Also, all marketing measurement should be based on first-party data. Having a direct relationship with customers should be the first step for every marketing strategy. Some of the best ways to do that are: 

  • Install sitewide tagging. 
  • Used enhanced conversion measurement.  
  • Set up tags so that you can use consented hashed first-party data (like emails) for improving measurement, even across devices. 

It is also advised that you enable users to make choices about their data.  

  • Use Consent Mode: A new tag setting to customize how Google tracks user behaviour before and after cookie decision. 
  • If people opt out of cookies, you’ll have gaps in your measurement. That’s why Google has built Conversion Modelling through Consent Mode for filling in these gaps. 
  • Tag Manager integrates with Consent Mode and as per Google’s Marketing Livestream 2021 announcements, they are adding new content capabilities to Tag Manager too. Businesses that already use consent management solutions on their website can integrate those solutions directly to Tag Manager. 

How to advertise without third-party cookies? 

Well, it depends on the platform and campaign type you are referring to. Let’s look at some examples: 

 

Behavioural Targeting

Nowadays, we can go into Google Ads or any Programmatic Advertising vendor and choose between a wide range of interest audiences for targeting. Without third-party cookies, these audiences will not be created the way they were created before and, thus, we won’t be able to use them as such.  

 

Google’s approach: 

  • Google has released a whitepaper, explaining a new way for browsers to enable interest-based advertising on the web that, instead of observing the behaviour of a single user (like it is done today and it is thought to be invasive), can observe the behaviour of a cohort of similar people for single-user privacy purposes.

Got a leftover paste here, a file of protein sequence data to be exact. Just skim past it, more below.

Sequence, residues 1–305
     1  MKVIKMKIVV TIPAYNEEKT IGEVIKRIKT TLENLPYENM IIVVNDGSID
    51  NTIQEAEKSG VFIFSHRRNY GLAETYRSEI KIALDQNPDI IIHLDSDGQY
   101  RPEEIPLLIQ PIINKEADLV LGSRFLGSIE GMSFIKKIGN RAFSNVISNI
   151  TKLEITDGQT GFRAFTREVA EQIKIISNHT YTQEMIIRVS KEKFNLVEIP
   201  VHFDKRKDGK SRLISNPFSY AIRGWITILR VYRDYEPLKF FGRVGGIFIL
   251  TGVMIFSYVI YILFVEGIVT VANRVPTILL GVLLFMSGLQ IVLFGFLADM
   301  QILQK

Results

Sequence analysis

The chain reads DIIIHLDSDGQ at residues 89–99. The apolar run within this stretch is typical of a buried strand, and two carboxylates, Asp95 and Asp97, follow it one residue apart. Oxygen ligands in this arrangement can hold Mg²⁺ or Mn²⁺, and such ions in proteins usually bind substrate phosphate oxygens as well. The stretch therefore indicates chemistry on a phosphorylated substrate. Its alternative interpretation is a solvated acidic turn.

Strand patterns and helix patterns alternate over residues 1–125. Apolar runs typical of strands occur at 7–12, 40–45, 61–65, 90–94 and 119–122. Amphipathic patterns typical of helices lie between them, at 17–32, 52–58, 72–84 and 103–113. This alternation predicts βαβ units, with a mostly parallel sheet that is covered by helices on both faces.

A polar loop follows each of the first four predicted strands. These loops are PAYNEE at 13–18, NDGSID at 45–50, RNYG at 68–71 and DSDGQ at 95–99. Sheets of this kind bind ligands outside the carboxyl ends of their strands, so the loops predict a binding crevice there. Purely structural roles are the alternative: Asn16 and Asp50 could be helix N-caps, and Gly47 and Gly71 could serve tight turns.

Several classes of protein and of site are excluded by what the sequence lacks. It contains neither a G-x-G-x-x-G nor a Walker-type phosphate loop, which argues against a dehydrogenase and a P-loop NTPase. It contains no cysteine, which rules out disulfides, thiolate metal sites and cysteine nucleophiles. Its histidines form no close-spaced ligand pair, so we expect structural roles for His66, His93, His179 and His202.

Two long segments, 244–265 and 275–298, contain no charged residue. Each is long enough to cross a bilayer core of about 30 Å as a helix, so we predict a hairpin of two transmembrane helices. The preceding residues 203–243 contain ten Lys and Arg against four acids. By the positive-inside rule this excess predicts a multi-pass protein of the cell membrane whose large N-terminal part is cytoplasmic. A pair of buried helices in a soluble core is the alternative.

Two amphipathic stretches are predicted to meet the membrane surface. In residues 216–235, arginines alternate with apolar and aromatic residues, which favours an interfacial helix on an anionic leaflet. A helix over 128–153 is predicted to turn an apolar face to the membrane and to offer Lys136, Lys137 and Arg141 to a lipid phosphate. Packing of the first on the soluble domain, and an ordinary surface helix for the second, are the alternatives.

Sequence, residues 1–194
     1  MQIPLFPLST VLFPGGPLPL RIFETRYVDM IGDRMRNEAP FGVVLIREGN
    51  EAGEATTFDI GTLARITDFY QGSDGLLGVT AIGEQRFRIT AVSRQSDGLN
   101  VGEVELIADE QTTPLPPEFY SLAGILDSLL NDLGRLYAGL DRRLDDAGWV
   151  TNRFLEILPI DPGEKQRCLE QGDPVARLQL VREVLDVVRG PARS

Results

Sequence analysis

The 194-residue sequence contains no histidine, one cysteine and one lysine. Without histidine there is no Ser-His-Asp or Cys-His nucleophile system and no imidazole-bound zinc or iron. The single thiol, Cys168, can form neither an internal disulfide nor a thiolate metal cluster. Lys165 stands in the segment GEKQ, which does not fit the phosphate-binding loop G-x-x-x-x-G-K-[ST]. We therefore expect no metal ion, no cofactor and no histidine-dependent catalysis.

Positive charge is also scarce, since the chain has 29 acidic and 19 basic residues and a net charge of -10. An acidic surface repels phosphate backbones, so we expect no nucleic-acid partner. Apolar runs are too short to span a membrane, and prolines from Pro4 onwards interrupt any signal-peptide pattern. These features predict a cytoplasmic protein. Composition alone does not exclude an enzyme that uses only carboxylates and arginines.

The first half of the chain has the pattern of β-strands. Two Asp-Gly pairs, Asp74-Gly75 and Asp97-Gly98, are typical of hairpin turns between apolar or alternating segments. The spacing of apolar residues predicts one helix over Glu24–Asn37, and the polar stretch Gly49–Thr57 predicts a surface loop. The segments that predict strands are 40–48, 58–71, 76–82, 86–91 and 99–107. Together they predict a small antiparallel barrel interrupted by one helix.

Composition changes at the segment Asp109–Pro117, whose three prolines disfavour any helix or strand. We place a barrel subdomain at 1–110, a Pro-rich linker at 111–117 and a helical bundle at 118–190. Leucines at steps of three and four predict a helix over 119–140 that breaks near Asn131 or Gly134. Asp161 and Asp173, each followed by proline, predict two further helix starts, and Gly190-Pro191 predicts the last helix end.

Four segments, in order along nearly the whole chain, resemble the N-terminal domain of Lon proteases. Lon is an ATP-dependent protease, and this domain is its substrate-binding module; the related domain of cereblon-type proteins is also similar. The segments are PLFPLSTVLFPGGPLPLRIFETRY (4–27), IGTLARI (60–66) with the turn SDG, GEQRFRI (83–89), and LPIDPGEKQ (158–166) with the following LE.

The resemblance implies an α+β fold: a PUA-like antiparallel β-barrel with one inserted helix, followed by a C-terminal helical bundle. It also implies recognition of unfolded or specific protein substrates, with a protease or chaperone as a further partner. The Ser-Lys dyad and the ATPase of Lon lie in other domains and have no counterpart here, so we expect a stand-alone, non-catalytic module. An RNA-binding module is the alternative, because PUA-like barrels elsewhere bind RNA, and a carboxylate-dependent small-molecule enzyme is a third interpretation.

• According to Google, “browsers need a way to form clusters that are both useful and private: Useful by collecting people with similar enough interests and producing labels suitable for machine learning, and private by forming large clusters that don't reveal information that's too personal, when the clusters are created, or when they are used.” 
  • Google’s plan for replacing third-party cookies are FLoC cohorts (Federated Learning of Cohorts). Instead of tracking each user individually, FLoCs will be formed by at least 1,000 users derived by the browser from its user’s browsing history. Browsers will use machine learning algorithms to develop a cohort based on the sites that an individual visits and to find other users with the same online behaviour.  
  • In fact, Google claims to have tested FLoC-based advertising, reaching 95% of the conversions per dollar spent when compared to cookie-based advertising 
  • So, if you are using Google Ads as your primary behavioural-targeting advertising method, you could be facing around a 5% decrease on your key result which is not ideal, but it could be worst, right? 
  • Also, Google announced that Customer Match Selection audiences in Google Ads will now be available for most advertisers. 
  • There will also be a new Modeled Behavioural Reporting on Google Analytics that will provide powerful insights of complete customer journey, even with unavailable cookies. 
  • And as per attribution reporting, in addition to Search and Shopping Campaigns Google will include new touchpoints for YouTube and Display campaigns for more complete measurement. 

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Social Media: 

If your behavioural targeting is made primarily on social media, then fear no more! Social media demographic and interest-based targeting will not be affected by the elimination of third-party cookies. However, behavioural retargeting will be affected. 

 

Programmatic and Direct Media Buying Advertising: